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Were you locked out of your account? Facebook apologizes

MANILA, Philippines – Several Facebook users were locked out of their accounts recently, and speculations surfaced – among them, possible attempts to hijack or take down accounts, many involved in anti-Marcos protests.

The Facebook account of journalist Inday Varona was blocked on Monday, November 28.

On November 25, Facebook user Jan Belmonte, an alumnus of the Ateneo de Manila University and a former Rappler employee, was able to collect a list of hundreds of students and alumni who were notified about suspicious activity on their accounts.

Belmonte, whose tips on Internet security went viral and was reported on by several local news organizations last week, cited "simple explanations" on the incident:

According to Belmonte, the accounts he listed had several things in common: they were owned by university students in Metro Manila, and at least once, they had all posted against the burial of the late president Ferdinand Marcos at the Libingan ng mga Bayani.

The extent of the lockout varied. After receiving a prompt that said "Your account is temporarily locked", the users were asked to go through a checkpoint, where Facebook asked them to review their recent activity.

Some users were able to regain access after this step, while some were completely barred.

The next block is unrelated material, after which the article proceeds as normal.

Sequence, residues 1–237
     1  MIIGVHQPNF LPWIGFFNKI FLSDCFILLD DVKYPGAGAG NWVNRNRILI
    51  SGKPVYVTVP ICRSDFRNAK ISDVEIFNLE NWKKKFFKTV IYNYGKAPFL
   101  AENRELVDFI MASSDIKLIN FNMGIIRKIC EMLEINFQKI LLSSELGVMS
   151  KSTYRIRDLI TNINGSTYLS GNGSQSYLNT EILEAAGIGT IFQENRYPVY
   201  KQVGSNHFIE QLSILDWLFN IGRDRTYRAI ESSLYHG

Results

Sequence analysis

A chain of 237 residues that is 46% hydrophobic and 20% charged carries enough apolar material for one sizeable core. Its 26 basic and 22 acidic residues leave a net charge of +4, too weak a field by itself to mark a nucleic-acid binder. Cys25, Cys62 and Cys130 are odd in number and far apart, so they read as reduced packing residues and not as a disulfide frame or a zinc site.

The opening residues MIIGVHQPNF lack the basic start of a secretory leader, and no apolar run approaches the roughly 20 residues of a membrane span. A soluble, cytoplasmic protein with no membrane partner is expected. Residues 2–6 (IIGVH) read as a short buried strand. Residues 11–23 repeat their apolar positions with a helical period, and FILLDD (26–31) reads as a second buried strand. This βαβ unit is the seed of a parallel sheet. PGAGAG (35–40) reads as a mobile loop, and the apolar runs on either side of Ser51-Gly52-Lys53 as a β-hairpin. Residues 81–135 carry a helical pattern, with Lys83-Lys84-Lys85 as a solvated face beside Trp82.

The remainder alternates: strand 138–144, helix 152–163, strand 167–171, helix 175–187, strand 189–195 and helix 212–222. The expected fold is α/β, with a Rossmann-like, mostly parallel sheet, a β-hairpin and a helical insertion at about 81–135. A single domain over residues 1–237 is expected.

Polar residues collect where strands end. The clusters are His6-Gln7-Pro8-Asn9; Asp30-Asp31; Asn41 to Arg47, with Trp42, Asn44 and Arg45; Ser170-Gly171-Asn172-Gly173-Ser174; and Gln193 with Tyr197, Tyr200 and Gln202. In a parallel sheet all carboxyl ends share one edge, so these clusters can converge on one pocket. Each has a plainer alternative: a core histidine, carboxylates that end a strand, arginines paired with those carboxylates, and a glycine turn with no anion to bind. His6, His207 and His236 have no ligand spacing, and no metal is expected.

They were real people using real names, who had to create new accounts, Belmonte said. 

On November 19, a few days before the hacking incidents, a Facebook page called "Duterte Cyber Warriors" announced they have a "DCW mobile offensive tool" that can monitor wi-fi and cellphone traffic within tens of feet to disrupt the communication of people joining the anti-Marcos rally

On Tuesday, November 29, however, the group asked why they were blamed for the alleged "hacking", saying that the lockouts could have been caused by malware, a bug, or "incorrect posts" that were reported en masse by other users. 

Facebook's apology

When the multiple account lockouts were brought to the attention of Facebook, the social media platform apologized. 

"Security is a top priority for Facebook, and we devote significant resources to helping people protect their accounts and information. We’ve built numerous defenses to combat phishing and malware, including complex automated systems that work behind the scenes to detect and flag Facebook accounts that are likely to be compromised."

Furthermore, Facebook said, "In this instance, these systems prompted us to ask a set of people to secure their accounts and the precautionary step was not needed in this case. This was also due to a bug in the system so we have removed the messages and the impacted people should now be able to access their accounts normally. We apologise for any inconvenience we caused."

According to Facebook, one report is enough to take down content if it violates their policies. Similarly, multiple reports will not necessarily lead to the removal of content if Facebook's standards are not violated.

Nevertheless, Belmonte said the best thing to do in circumstances like this is to take the necessary steps to secure your Facebook accounts. – Rappler.com